1. Housing Quality Standards (HQS): Your property must meet HUD's Housing Quality Standards, which set minimum requirements for health and safety. These standards cover areas such as sanitation, heating, water supply, structural integrity, and location.
    2. Inspection: Before you can rent your property to a Section 8 tenant, it must pass an inspection by the local public housing authority (PHA) or a HUD-approved inspector. The inspection ensures that the property meets the HQS.
    3. Local Requirements: Some local housing authorities may have additional requirements beyond the HUD standards. It's important to check with your local PHA for specific requirements in your area.
    4. Rent Reasonableness: The rent you charge for your property must be reasonable compared to similar unassisted rental units in the area. The PHA will assess the rent to ensure it meets this requirement.
    5. Lease Agreement: PHA has their own lease agreement which can be complemented with your own lease. Your lease agreement must be approved by the PHA and may cover things not found in the PHA lease, such as lawn care requirements, home alterations, and certain maintenance activities.
    6. Compliance with Fair Housing Laws: You must comply with all fair housing laws, which prohibit discrimination based on factors such as race, color, religion, sex, disability, familial status, or national origin.

    Meeting these requirements is essential for your rental home to qualify for the Section 8 program. It's advisable to contact your local PHA for specific guidance and to ensure that your property meets all the necessary criteria.

  • How do I get approval to make my home available for the Section 8 program?

    To get approved to put your home in the Section 8 program in Georgia, you'll need to follow these general steps:

    1. Contact the Local Public Housing Authority (PHA): Reach out to the PHA that serves your area, which is generally by county, and express your interest in participating in the Section 8 program. Each county in Georgia has its own PHA, so you'll need to find the one that covers your rental property's location and there may be multiple PHA’s for any county.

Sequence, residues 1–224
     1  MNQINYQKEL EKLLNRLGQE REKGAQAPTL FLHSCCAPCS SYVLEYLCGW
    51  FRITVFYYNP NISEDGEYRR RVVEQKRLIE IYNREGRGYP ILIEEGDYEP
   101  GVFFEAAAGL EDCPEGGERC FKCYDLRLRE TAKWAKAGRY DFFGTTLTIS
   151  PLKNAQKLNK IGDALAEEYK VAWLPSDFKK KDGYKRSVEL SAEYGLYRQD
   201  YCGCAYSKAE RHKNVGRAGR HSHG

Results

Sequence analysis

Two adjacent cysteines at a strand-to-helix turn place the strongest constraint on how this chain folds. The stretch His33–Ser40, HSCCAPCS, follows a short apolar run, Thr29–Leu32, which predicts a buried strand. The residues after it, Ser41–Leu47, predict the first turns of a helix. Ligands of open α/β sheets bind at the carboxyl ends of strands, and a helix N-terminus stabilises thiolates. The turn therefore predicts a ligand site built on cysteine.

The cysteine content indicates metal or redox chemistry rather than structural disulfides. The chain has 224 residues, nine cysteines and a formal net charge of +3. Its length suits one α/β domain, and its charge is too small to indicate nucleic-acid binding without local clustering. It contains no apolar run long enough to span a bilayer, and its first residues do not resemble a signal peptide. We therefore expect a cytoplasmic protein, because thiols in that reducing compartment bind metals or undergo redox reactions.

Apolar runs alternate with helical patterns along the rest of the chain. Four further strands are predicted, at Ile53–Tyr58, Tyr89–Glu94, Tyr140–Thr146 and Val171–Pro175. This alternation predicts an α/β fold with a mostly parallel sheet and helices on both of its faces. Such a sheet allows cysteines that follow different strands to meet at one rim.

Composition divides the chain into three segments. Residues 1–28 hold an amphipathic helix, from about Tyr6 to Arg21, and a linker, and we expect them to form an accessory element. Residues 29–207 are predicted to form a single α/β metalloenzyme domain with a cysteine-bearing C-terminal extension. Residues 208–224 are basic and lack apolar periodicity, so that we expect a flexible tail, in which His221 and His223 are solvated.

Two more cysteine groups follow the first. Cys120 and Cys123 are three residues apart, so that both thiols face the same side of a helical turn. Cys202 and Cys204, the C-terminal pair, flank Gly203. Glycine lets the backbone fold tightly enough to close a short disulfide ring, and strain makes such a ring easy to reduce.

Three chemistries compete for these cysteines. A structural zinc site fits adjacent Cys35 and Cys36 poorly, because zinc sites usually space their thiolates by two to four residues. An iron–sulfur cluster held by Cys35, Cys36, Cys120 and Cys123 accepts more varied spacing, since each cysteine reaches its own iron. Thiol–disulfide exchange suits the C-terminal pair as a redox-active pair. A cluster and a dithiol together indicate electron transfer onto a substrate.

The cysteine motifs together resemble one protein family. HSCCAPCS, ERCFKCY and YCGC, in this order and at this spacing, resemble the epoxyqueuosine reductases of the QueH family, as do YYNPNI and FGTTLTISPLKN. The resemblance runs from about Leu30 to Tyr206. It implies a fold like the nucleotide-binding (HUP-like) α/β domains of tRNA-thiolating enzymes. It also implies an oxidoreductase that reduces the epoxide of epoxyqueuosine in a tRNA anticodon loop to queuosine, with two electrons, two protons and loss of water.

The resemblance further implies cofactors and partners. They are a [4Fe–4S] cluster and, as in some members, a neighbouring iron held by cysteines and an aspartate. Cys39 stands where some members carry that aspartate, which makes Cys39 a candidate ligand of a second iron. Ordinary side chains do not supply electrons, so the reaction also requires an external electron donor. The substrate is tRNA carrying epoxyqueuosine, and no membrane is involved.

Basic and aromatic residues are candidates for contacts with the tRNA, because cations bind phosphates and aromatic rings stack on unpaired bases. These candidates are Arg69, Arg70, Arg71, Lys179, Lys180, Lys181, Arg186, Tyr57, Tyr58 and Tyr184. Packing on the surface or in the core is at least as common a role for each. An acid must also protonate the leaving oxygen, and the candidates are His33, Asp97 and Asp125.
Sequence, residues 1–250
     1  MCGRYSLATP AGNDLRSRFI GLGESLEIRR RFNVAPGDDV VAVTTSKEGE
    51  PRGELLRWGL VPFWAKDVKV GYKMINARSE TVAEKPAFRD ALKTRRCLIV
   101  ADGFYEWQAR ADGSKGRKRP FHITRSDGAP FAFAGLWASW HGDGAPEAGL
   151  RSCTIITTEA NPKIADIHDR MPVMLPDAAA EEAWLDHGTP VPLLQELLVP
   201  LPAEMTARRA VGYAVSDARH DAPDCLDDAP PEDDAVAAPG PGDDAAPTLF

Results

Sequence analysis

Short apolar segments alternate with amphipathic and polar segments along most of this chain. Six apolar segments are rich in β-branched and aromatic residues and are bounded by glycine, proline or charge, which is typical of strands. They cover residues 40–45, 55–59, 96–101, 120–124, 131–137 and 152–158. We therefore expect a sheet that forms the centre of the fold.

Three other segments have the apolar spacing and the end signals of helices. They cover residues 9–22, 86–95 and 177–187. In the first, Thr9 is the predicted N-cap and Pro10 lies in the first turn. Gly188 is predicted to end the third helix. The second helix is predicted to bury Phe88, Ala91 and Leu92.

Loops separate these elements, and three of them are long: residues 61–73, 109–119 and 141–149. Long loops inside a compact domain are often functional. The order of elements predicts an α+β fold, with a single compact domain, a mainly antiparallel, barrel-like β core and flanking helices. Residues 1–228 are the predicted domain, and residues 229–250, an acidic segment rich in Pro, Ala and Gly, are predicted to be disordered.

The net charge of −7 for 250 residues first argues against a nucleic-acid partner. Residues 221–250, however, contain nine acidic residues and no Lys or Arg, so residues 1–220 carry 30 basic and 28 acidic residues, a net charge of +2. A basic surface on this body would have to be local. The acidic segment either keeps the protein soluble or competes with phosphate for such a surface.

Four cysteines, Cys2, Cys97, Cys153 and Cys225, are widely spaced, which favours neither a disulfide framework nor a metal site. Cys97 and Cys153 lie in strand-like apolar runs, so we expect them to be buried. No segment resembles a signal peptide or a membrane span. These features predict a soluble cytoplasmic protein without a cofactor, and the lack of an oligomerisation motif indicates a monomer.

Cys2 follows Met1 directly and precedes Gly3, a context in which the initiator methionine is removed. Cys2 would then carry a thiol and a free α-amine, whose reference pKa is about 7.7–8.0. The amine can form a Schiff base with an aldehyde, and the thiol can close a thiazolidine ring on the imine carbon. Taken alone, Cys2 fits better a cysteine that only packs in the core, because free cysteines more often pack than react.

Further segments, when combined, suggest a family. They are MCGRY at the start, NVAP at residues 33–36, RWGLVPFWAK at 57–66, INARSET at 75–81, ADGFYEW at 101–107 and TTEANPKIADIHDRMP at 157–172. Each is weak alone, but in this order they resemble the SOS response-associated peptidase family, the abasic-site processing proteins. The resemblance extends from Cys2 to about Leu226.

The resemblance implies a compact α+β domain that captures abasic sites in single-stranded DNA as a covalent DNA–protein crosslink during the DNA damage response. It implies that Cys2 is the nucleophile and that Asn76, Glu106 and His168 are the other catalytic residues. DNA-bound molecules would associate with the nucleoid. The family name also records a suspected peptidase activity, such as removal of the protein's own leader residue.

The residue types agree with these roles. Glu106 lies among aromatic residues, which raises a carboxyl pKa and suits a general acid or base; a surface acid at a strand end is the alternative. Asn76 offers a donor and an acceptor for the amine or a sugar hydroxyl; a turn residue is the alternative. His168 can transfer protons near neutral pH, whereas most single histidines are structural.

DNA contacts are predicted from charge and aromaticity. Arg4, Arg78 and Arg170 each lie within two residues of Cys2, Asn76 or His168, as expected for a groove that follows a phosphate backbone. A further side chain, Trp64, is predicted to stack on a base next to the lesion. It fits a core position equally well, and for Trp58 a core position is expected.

2. Attend a Landlord Orientation: Most PHAs require you to attend an information session to learn more about the Section 8 program, how it works, and the responsibilities involved by both the landlord and tenant.
    3. Complete an Application: The PHA will provide you with an application form to complete. This application will ask for information about yourself, your rental property, and your rental history.
    4. Provide Required Documentation: You may need to provide additional documentation, such as proof of ownership of the property (deed or security deed), proof of insurance, and financial/mortgage information.
    5. Property Inspection: Your rental property must pass an inspection to ensure it meets HUD's Housing Quality Standards (HQS). The PHA will schedule an inspection, and you'll need to make any necessary repairs or improvements to meet the standards. Many owners think it is only the interior that matters but Inspectors consider the location of your property. For example, if there are nearby boarded up homes or buildings, the home is on a busy street, or the type of business that may be operating next door. Once approved, you will receive a vendor number and access to their portal (if they use one).